Hidden treasures at Holts
Donald Dallas takes a deeper look at some unusual auction lots.
Putting an estimate on a gun or rifle is a fairly straightforward job. One boxlock ejector is much like another; a best sidelock ejector can be valued due to its maker and condition and gun cases have a set value. But what if something is out of the ordinary and has never come up for sale before? Such lots can be difficult to value and frequently well exceed their estimates if there is desirability involved.
Rarity does not guarantee value as often rare guns are so because they were a disappointment in their time. But desirability is a different matter entirely — as is oft quoted, it only needs two people to start a bidding war.
I thought it might be interesting to study a few lots in the June Holts sale that went for way over their estimates.
Lot 110 was an impressive Webley & Scott air rifle Model Service Mk11 dating from the late 1930s with .177, .22 and .25 barrels. Such rifles are particularly collectible when they have the three sets of interchangeable barrels. This one had been professionally refinished but what made it so appealing was that it had been cased by the Royal cabinet maker D.J. Whincup in walnut with green baize lining. Estimated at £1,000 to £1,500 it fetched more than double this at £3,300. The reason it made that price was that the condition was perfect and the whole outfit looked superb in its quality case.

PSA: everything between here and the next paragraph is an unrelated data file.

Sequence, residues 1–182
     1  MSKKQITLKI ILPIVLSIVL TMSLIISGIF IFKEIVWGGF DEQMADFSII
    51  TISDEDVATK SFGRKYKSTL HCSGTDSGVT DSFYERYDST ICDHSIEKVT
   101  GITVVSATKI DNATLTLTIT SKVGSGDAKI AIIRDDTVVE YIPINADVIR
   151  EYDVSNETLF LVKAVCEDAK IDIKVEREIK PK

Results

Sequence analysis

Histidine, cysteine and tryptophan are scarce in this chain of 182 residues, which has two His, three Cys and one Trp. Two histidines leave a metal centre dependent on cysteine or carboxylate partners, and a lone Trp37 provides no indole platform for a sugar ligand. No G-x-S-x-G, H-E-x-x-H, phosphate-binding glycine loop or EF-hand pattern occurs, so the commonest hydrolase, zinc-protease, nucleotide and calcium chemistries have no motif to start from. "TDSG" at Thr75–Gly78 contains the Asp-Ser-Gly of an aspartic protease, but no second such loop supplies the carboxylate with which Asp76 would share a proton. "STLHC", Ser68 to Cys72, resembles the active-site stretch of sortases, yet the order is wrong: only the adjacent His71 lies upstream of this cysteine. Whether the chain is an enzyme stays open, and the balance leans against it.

Quality percussion guns and rifles in good condition always fetch high prices. Lot 515 was a James Purdey .500 single percussion park rifle built in 1828 with a 28in barrel. This would have been used to shoot deer in enclosed parkland. Not only was the quality superb, the condition was too and, estimated at £1,000 to £2,000, it made £3,300. Anything by Purdey will command a high price and this was in fine original condition, which drove the price up.
Another stunning percussion gun was Lot 525, a double 12 bore dated 1858 by Joseph Harkom of Edinburgh. It was in its original pigskin-lined case with all accessories and looked like it had never been fired. It was greatly admired and the auction hushed as the hammer price of £8,500 far exceeded the estimate of £4,000 to £6,000. It isn’t often that a gun like this appears at auction, untouched and in fine original condition.
Pairs of guns by quality makers always command good prices and Lot 1300 was a stylish pair of 12 bore Holland & Holland Royal hammerless ejectors. Built in 1899 they were very usable guns and, estimated at £7,000 to £9,000, they made £11,000. Holland Royals are lovely guns and these were in good condition.
Estimated at £3,000 to £5,000 Lot 1502 soared and soared to £20,000. This was a 16 bore skeleton round action side-lever Dickson. Built in 1883 it was one of only 13 skeleton stocked Dicksons recorded, of which only three were 16 bores. Such was its charm and desirability a considerable number of collectors were interested and how exciting it was to hear the auction room fall quiet as the telephone bids came in.
Lot 1502 was a 16 bore skeleton round action side-lever Dickson. Built in 1883 it was one of only 13 skeleton stocked Dicksons recorded.